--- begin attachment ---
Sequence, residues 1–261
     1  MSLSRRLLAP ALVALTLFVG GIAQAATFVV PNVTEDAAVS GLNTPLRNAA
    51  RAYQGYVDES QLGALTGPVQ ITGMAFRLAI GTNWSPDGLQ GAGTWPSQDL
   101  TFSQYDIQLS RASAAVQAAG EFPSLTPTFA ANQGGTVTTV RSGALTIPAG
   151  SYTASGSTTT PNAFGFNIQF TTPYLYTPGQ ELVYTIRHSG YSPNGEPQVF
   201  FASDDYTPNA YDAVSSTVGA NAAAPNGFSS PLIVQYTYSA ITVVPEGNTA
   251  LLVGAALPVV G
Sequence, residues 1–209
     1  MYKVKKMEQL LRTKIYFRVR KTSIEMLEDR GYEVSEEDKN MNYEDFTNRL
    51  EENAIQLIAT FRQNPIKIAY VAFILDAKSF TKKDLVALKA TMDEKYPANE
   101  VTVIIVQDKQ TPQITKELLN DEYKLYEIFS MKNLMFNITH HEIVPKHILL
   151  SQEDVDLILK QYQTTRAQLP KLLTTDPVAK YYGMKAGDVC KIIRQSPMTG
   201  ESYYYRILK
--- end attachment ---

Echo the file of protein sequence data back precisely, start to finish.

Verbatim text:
Sequence, residues 1–261
     1  MSLSRRLLAP ALVALTLFVG GIAQAATFVV PNVTEDAAVS GLNTPLRNAA
    51  RAYQGYVDES QLGALTGPVQ ITGMAFRLAI GTNWSPDGLQ GAGTWPSQDL
   101  TFSQYDIQLS RASAAVQAAG EFPSLTPTFA ANQGGTVTTV RSGALTIPAG
   151  SYTASGSTTT PNAFGFNIQF TTPYLYTPGQ ELVYTIRHSG YSPNGEPQVF
   201  FASDDYTPNA YDAVSSTVGA NAAAPNGFSS PLIVQYTYSA ITVVPEGNTA
   251  LLVGAALPVV G
Sequence, residues 1–209
     1  MYKVKKMEQL LRTKIYFRVR KTSIEMLEDR GYEVSEEDKN MNYEDFTNRL
    51  EENAIQLIAT FRQNPIKIAY VAFILDAKSF TKKDLVALKA TMDEKYPANE
   101  VTVIIVQDKQ TPQITKELLN DEYKLYEIFS MKNLMFNITH HEIVPKHILL
   151  SQEDVDLILK QYQTTRAQLP KLLTTDPVAK YYGMKAGDVC KIIRQSPMTG
   201  ESYYYRILK